From an industry perspective, companies in the energy & natural resources industry and industrial manufacturing industry were most likely to have policies and procedures to address ESG risks (with 78% and 66% of respondents, respectively, answering positively), whereas companies in the financial services sector were least likely to have such policies and procedures (45% of respondents answered positively).

Implementation of ESG policies varies significantly among companies

ESG covers a wide range of policies affecting all companies. We asked respondents to clarify which policies they have implemented that relate to their ESG risks.

No one ESG topic clearly stands out above the rest as being a current area of focus for a majority of respondents. The top-three choices were: health and safety (44%); diversity and inclusion (42%); and privacy and data protection (42%).

Two industries in which health and safety issues are particularly important—energy & natural resources and industrial manufacturing—appear to account for the prominence of health and safety in the responses.

48% of respondents did not identify a specific ESG policy, which may indicate that ESG goals and particular policies are not aligned.

Companies also diverge widely in their ESG priorities for the next 12 months

While not selected by a majority of respondents, diversity and inclusion is nonetheless the highest-priority ESG topic for organizations generally over the next 12 months, although there was some divergence among industries.

When asked about the top ESG priorities for the following 12 months, no one topic was selected by a majority of respondents.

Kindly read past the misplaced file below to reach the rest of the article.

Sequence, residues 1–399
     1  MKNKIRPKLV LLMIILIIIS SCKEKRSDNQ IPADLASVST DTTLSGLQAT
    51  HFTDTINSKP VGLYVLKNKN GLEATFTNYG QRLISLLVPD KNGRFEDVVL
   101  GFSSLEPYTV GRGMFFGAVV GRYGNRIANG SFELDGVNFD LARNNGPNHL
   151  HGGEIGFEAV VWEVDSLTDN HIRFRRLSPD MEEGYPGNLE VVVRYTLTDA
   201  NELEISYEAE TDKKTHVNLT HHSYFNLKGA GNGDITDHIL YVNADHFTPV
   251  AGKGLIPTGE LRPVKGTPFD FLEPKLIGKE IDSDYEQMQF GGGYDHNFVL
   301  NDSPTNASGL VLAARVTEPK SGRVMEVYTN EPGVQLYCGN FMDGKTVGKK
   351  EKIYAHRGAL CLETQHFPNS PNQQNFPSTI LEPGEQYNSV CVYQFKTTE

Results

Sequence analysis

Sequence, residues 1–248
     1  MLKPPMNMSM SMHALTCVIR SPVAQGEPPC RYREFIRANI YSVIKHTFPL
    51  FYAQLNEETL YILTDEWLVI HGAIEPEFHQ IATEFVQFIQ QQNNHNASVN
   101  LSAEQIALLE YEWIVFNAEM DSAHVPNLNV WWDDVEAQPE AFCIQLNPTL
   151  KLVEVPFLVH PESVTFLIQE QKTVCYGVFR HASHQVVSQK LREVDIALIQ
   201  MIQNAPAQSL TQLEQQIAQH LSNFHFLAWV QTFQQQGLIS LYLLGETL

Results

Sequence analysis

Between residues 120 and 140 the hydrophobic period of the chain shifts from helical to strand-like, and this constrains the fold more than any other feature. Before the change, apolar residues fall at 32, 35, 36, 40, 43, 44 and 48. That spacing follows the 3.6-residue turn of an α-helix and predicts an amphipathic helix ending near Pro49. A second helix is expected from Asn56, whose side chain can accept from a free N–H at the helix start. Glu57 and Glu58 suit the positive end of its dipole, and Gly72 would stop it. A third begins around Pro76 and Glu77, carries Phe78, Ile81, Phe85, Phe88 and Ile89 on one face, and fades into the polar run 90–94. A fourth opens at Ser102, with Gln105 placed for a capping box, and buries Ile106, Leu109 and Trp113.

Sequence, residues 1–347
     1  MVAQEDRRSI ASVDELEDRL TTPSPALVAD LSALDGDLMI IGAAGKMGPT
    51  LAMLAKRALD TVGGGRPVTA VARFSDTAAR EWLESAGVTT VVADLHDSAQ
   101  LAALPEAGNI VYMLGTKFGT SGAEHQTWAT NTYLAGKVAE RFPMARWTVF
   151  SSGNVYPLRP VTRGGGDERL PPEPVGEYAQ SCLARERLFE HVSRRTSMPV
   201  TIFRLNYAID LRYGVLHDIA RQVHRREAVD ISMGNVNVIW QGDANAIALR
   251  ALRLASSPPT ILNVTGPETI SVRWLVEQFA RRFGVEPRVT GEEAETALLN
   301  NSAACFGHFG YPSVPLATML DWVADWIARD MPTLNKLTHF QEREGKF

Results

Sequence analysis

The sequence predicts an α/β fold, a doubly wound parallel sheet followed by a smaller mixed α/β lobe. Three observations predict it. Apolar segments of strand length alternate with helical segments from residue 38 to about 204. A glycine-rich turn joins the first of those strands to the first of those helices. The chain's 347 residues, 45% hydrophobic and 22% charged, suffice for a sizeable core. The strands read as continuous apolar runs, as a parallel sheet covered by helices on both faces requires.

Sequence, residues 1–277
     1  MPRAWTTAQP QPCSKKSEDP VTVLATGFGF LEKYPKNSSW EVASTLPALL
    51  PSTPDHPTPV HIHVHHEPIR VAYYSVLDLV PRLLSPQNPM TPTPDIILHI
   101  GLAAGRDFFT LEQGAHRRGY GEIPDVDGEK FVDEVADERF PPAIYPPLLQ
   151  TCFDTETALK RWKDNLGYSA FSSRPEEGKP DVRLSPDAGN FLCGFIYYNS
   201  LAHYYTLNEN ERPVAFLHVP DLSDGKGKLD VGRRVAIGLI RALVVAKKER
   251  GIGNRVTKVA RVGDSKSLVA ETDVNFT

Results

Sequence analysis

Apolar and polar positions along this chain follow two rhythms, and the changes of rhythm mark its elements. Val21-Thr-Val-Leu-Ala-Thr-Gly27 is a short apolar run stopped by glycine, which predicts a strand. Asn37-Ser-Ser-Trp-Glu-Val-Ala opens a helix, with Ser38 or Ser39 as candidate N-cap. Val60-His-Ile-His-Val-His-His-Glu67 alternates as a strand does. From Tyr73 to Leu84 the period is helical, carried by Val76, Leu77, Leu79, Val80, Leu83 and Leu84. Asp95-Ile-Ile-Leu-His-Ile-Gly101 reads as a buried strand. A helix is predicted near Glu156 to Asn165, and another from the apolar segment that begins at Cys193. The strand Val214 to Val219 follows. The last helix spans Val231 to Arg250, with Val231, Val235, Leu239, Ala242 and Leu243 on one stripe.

The top-five ESG priorities that companies reported were: diversity and inclusion (46%); climate change and pollution mitigation (38%); privacy and data protection (27%); strategic sustainability oversight and compliance (22%); and health and safety (19%).

More than one-third of respondents (36%) from consumer & retail identified waste management as the highest-priority topic for their organization over the next 12 months, which is more than three times higher than any other industry group, whereas almost half (44%) of respondents in technology, media & telecommunications identified privacy and data protection as their highest priorities.

More than half of companies with revenues of US$1 billion or more (53%) cited diversity and inclusion as a top priority.

Meanwhile, 16% of companies with less than US$1 billion in revenues did not know their ESG priorities for the next 12 months.

ESG training

Only one in three companies (35%) provide ESG training to employees; the majority of companies (56%) do not train employees on ESG matters. Once a company surpasses US$250 million in revenues, however, the likelihood increases of it training employees on ESG matters.

Among industries, companies in the energy & natural resources sector were the most likely to provide training on ESG matters, with 50% of respondents answering in the affirmative. The lowest rate of ESG training across industries was pharma/healthcare, with less than three in ten (29%) stating they conduct ESG training.

Companies are assessing their ESG risks, but consensus is still developing on how

The most popular method of identifying ESG risks among respondents (45%) was through the performance of risk and/or impact assessments.

ESG gap analyses (33%) and internal audits (27%) were the other top choices.

More than one-third (34%) of respondents either stated that ESG risks were not assessed or did not know how they were assessed.

Smaller companies were significantly less likely to take steps to identify ESG risks.

27% of companies with less than US$250 million in revenues did not assess ESG risks, compared to 9% of companies with more than US$1 billion in revenues.

Compliance and Ethics teams play an increasing role in ESG programs, but not ESG strategy

61% of respondents stated that their Compliance and Ethics function played a role in managing ESG risks. Almost one-quarter (23%) of respondents stated that their Compliance and Ethics function played no role in managing ESG issues. It remains to be seen if the Compliance and Ethics function assumes greater responsibility for ESG issues as jurisdictions impose or increase ESG-related reporting responsibilities and enforcement, or as litigation risk correspondingly increases as well.

Among industries, the Compliance and Ethics function appears to be most active in managing ESG issues at consumer & retail companies, and least active at pharma/healthcare companies.